As resorts go, Eastbourne is fairly small. But every year it plays host to several high profile events, and they don't come much bigger than Airbourne.
As in the 12 previous years, the local population grew tenfold as visitors from all corners of the UK and Europe converged on our town to enjoy the world's biggest seafront air show. And its completely free!
The promenade was closed to traffic and turned into a fun fare, and the Western Lawns became a display area for the RAF, the Police and other essential services, keen to impress and recruit. Everywhere you looked there were burger bars, fish and chips and smoothie stalls.
There was not a space to be had on the 5 mile beach and every level was packed with spectators. The slopes which rise 600 feet from the end of the seafront up to Beachy Head cliff gave one of the best vantage points where one could actually look down on the planes as they entertained the hoards.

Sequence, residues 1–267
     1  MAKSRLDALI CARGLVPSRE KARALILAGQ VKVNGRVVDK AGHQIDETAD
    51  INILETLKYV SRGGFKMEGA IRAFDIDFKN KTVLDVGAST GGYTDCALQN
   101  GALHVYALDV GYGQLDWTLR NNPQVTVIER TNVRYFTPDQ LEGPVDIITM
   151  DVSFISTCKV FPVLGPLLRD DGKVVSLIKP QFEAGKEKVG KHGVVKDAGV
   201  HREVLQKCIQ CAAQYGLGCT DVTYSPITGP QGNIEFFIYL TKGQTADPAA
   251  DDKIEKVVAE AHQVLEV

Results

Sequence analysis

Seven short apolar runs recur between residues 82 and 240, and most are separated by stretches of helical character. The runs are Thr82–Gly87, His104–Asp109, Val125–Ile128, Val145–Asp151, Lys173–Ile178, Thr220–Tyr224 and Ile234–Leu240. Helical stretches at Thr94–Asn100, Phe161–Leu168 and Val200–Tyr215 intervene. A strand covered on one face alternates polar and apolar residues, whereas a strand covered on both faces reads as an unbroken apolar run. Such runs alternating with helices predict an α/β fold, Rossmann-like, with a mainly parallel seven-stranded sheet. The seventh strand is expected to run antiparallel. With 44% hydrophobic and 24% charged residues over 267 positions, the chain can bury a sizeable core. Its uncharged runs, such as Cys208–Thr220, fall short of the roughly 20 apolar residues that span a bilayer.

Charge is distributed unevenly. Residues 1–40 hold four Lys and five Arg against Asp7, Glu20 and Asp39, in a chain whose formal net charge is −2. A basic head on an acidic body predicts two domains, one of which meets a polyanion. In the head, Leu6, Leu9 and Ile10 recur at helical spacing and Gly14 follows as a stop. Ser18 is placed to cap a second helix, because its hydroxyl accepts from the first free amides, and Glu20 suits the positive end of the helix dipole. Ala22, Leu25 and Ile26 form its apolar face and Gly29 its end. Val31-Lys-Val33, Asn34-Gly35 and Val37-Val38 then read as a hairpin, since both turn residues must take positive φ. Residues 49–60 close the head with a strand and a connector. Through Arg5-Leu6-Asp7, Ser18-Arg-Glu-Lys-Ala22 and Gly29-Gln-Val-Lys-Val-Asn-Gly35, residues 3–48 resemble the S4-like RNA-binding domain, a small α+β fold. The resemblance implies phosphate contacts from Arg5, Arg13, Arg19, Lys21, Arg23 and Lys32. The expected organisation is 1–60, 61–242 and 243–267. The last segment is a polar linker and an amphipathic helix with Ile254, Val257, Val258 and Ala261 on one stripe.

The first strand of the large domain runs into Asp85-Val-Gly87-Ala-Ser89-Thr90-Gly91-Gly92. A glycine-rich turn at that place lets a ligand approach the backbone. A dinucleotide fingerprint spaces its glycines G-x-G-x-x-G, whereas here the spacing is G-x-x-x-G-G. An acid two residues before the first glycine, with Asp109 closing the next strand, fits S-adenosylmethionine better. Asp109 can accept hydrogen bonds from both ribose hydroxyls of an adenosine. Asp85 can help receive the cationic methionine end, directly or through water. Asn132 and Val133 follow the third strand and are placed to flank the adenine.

For four days, thousands of folk craned their necks and shielded their eyes from the August sun to witness hour upon hour of stunning flying displays. Acrobatic biplanes followed WW11 Spitfires. Teams of stunt planes weaved and dodged each other in death defying routines that kept the crowds gasping. The RAF Falcons parachute team never failed to amaze as the descended into the tiny arena from a Dakota hundreds of feet in the sky.
The RAF produced their latest weapon., the Eurofighter Typhoon which started it's performance with a 600 mph flypast just feet above the sea. A minute later it appeared motionless above our heads before swooping, twisting and roaring through a series of deafening and mind-blowing feats.
Each day the highlight was the annual appearance of the greatest air display team in the world - the Red Arrows who performed their colourful and breathtaking routine before our eyes.
Late on we Sunday saw the grand finale - a lavish firework display from the end of the pier. Again, a capacity crowd packed the beach and the upper levels dancing to music pumped out by Radio Airbourne. At 10 pm the lights on the pier went out, the spectators roared a count down, and with a deafening bang, the first of hundreds of fireworks leapt upwards, turning the sky and the sea below a shade of deepest red.
40 minutes later, Airbourne was over for another year.
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